New strategy against harmful inflammation: Scientists identify the WASH protein complex as a gatekeeper of neutrophil-driven inflammation

A team led by scientists at Scripps Research has uncovered important details of an immune cell process that often underlies excessive inflammation in the body. The findings could lead to new ways to prevent and/or treat inflammation-related conditions such as sepsis, arthritis and coronary artery disease.

In the study, published September 21, 2022 in nature communicationthe researchers showed that a multi-protein “molecular machine” called WASH plays a powerful role in counteracting excessive inflammatory activity by neutrophils, immune cells that are important early responders to infection.

“Our findings point to the possibility of future treatments targeting this WASH-regulated pathway to inhibit neutrophil-driven inflammation while preserving most of the antimicrobial effectiveness of neutrophils,” said senior author Sergio Catz, PhD, professor in the department. Molecular Medicine at Scripps Research.

Neutrophils are workhorses of the mammalian immune system and comprise about two-thirds of the white blood cells that circulate through our bloodstreams. They fight invading microbes by engulfing and digesting them, and by releasing a variety of antimicrobial molecules through a process called exocytosis.

Many of the antimicrobial molecules that neutrophils release via exocytosis are potent enough to damage healthy cells. There is some evidence that excessive and/or chronic release of these molecules is at least partially responsible for serious medical conditions and types of tissue damage, including the bacterial blood infection known as sepsis, arthritis, “reperfusion” damage to cells after oxygen deprivation, smoke inhalation damage to the lungs, inflammatory bowel disease, some cancers and even the artery-thickening atherosclerosis that leads to heart attacks and strokes. Still, scientists have much to learn about how this exocytosis process works.

In the new study, Catz and his team highlighted the important role WASH plays in neutrophil exocytosis. Neutrophils, when they encounter signs of infection or inflammation, usually respond initially by releasing, via exocytosis, milder compounds into “gelatinase beads” — capsule-like shells named for one of the enzymes found within. A second type of exocytosis, secondary and usually only caused by a more serious infection or inflammation, involves the release of “azurophilic granules,” so called because they are bound by a common blue spot. Azurophilic charges are much more powerful and more likely to damage bystander cells. The team showed that WASH normally facilitates the initial gelatinase granule response, which includes the release of compounds that help neutrophils attach to and move around surfaces such as blood vessel walls. At the same time, WASH normally limits the release of charges of toxic azurophilic granules.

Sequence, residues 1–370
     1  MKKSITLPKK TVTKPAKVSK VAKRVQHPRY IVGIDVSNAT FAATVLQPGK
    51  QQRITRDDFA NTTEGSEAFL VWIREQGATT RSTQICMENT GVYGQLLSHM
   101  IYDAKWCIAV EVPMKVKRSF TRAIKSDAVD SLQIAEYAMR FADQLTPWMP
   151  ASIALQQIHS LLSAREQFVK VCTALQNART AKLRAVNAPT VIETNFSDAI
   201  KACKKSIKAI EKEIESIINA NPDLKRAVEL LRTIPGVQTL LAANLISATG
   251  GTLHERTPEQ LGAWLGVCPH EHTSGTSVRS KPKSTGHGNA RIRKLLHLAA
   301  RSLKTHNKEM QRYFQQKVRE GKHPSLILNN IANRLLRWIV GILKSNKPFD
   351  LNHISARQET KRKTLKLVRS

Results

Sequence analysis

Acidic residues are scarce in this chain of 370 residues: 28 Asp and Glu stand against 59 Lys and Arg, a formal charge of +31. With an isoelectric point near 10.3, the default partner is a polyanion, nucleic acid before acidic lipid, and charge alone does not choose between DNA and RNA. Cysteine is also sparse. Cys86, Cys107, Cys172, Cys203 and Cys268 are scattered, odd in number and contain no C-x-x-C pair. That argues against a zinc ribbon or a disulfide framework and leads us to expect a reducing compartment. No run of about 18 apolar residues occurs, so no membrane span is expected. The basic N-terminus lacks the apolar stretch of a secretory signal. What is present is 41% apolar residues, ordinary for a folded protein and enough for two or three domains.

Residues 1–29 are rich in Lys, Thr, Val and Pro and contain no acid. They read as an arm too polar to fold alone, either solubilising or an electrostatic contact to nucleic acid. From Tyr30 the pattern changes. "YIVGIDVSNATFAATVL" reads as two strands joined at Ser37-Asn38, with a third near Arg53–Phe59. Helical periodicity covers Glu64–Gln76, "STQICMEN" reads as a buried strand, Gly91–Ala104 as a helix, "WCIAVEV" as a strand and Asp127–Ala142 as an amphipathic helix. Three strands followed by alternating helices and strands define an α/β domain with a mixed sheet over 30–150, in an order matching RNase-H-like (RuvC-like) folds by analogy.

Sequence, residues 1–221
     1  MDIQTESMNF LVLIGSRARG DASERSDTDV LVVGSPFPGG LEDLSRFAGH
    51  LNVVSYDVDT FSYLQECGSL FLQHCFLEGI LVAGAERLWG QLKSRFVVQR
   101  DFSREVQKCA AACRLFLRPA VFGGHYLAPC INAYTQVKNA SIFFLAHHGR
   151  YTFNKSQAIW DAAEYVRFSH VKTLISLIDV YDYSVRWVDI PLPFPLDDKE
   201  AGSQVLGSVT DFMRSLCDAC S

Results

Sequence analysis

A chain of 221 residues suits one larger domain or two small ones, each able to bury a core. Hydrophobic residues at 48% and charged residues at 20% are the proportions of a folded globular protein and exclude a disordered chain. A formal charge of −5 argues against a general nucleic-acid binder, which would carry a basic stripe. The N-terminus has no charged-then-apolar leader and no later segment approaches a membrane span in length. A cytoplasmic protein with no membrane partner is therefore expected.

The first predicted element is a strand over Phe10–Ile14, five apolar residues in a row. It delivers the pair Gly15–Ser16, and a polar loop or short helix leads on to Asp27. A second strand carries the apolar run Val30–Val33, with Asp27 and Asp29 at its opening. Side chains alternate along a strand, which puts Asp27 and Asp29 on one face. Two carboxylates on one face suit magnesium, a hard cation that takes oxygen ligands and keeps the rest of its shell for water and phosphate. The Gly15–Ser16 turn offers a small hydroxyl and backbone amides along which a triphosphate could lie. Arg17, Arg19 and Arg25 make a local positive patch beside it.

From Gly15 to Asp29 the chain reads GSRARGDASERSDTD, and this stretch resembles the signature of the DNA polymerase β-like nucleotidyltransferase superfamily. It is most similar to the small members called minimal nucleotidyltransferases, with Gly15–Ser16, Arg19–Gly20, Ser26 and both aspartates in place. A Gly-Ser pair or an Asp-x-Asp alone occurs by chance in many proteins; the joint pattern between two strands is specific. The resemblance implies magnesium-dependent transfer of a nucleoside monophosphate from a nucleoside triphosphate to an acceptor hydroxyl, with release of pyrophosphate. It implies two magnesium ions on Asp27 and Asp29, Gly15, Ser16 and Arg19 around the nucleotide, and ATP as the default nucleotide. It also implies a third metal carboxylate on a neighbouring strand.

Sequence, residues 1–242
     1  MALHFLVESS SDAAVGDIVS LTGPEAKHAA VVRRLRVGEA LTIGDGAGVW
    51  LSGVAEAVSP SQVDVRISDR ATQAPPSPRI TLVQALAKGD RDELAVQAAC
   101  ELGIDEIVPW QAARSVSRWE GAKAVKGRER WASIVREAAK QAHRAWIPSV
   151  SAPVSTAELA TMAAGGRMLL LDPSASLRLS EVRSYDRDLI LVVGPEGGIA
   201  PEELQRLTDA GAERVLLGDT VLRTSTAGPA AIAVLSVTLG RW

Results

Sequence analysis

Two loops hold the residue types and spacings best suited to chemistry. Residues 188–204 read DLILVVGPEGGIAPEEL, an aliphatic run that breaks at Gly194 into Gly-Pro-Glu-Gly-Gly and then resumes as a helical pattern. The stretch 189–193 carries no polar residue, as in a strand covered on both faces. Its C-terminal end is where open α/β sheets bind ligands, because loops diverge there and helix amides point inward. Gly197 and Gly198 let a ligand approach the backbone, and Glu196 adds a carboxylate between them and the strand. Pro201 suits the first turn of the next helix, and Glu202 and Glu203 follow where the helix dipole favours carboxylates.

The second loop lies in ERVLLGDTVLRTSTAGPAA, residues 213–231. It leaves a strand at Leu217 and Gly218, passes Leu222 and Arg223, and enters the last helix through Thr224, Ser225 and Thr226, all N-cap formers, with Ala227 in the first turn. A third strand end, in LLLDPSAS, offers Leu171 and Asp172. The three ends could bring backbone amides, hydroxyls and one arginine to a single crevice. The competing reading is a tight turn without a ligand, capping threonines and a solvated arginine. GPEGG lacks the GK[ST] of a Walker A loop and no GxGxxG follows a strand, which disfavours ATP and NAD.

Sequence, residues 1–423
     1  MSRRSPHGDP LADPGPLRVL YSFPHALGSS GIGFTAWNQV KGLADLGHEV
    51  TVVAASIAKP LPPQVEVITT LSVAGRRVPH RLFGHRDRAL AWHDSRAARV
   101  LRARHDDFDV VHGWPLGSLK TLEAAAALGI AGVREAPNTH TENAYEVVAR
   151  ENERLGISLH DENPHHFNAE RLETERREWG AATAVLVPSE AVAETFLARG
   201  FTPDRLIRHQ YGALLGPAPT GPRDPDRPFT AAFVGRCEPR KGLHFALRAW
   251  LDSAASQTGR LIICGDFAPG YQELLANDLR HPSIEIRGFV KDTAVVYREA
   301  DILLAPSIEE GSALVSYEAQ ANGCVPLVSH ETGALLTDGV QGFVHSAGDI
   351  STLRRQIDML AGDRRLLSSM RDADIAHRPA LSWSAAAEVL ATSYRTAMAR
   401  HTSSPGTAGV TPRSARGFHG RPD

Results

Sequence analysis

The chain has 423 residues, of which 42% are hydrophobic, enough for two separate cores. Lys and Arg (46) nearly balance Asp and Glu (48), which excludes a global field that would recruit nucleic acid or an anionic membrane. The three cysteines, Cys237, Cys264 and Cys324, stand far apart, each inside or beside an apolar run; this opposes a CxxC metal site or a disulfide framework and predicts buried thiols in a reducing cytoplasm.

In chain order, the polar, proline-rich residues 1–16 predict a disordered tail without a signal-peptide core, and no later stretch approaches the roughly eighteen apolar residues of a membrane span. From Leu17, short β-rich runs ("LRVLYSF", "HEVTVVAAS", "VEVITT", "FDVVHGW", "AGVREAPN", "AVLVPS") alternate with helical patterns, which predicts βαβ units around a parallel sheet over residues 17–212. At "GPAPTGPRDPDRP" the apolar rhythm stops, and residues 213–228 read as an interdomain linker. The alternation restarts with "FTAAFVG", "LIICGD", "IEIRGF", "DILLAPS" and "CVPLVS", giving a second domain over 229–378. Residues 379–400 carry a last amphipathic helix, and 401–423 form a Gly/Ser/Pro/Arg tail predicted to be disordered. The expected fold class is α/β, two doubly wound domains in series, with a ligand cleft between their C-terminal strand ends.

In experiments, neutrophils without WASH released excessive amounts of azurophilic granules. Mice with these neutrophils had blood levels of toxic azurophilic molecules normally found in cases of harmful systemic inflammation. The death rate of such mice when experiencing an experimental sepsis-like condition was more than three times that of normal mice.

“WASH appears to be an important molecular switch that regulates neutrophil responses to infection and inflammation by regulating the release of these two types of antimicrobial cargoes,” Catz says. “If WASH is dysfunctional, the result is likely to be excessive and chronic inflammation.”

“In this study, using state-of-the-art cell biology approaches, we enjoyed how neutrophils control their timely response through sequential exocytosis, and identified a molecular system that acts as the gatekeeper of this process,” Catz added.

Catz and his colleagues continue to study WASH and other molecules involved in neutrophil exocytosis, with the goal of finding drug candidate molecules that can dampen excessive azurophilic granule exocytosis — to treat inflammatory conditions — without impairing the functions of neutrophils as the first immune response.

The study’s co-first authors were Senior Staff Scientist Jennifer Johnson, PhD, and postdoctoral researchers Elsa Meneses-Salas PhD, and Mahalakshmi Ramadass, PhD, all members of the Catz lab during the study.

The research was funded in part by the National Institutes of Health (P01HL152958, R01HL088256, R01AR070837, R01DK110162).

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